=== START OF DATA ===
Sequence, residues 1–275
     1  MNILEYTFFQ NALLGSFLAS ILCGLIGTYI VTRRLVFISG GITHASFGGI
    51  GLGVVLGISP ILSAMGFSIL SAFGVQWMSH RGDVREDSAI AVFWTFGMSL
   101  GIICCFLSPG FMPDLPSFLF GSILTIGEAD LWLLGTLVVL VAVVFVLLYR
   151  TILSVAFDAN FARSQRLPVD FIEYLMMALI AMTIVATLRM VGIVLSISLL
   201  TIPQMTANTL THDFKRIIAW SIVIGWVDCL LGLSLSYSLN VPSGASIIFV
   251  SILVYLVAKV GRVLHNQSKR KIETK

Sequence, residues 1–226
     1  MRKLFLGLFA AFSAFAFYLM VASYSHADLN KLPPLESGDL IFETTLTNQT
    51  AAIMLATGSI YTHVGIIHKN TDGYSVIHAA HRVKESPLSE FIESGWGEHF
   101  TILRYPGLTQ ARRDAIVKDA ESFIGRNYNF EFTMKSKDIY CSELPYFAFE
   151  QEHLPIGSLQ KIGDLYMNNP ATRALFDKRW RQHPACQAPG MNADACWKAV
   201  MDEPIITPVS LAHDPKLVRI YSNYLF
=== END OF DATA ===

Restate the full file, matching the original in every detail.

Sequence, residues 1–275
     1  MNILEYTFFQ NALLGSFLAS ILCGLIGTYI VTRRLVFISG GITHASFGGI
    51  GLGVVLGISP ILSAMGFSIL SAFGVQWMSH RGDVREDSAI AVFWTFGMSL
   101  GIICCFLSPG FMPDLPSFLF GSILTIGEAD LWLLGTLVVL VAVVFVLLYR
   151  TILSVAFDAN FARSQRLPVD FIEYLMMALI AMTIVATLRM VGIVLSISLL
   201  TIPQMTANTL THDFKRIIAW SIVIGWVDCL LGLSLSYSLN VPSGASIIFV
   251  SILVYLVAKV GRVLHNQSKR KIETK

Sequence, residues 1–226
     1  MRKLFLGLFA AFSAFAFYLM VASYSHADLN KLPPLESGDL IFETTLTNQT
    51  AAIMLATGSI YTHVGIIHKN TDGYSVIHAA HRVKESPLSE FIESGWGEHF
   101  TILRYPGLTQ ARRDAIVKDA ESFIGRNYNF EFTMKSKDIY CSELPYFAFE
   151  QEHLPIGSLQ KIGDLYMNNP ATRALFDKRW RQHPACQAPG MNADACWKAV
   201  MDEPIITPVS LAHDPKLVRI YSNYLF